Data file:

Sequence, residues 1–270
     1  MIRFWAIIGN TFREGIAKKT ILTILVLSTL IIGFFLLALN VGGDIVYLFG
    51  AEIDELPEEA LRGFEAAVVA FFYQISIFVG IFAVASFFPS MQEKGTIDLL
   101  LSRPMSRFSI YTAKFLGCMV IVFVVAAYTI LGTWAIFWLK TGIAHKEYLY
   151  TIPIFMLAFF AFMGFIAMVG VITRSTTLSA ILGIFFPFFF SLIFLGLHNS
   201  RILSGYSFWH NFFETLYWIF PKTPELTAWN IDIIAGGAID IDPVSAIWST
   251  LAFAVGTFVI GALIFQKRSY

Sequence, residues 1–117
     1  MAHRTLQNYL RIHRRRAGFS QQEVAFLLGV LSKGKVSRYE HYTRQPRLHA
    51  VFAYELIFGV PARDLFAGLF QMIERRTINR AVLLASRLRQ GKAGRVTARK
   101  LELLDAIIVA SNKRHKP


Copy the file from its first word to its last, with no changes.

Sequence, residues 1–270
     1  MIRFWAIIGN TFREGIAKKT ILTILVLSTL IIGFFLLALN VGGDIVYLFG
    51  AEIDELPEEA LRGFEAAVVA FFYQISIFVG IFAVASFFPS MQEKGTIDLL
   101  LSRPMSRFSI YTAKFLGCMV IVFVVAAYTI LGTWAIFWLK TGIAHKEYLY
   151  TIPIFMLAFF AFMGFIAMVG VITRSTTLSA ILGIFFPFFF SLIFLGLHNS
   201  RILSGYSFWH NFFETLYWIF PKTPELTAWN IDIIAGGAID IDPVSAIWST
   251  LAFAVGTFVI GALIFQKRSY

Sequence, residues 1–117
     1  MAHRTLQNYL RIHRRRAGFS QQEVAFLLGV LSKGKVSRYE HYTRQPRLHA
    51  VFAYELIFGV PARDLFAGLF QMIERRTINR AVLLASRLRQ GKAGRVTARK
   101  LELLDAIIVA SNKRHKP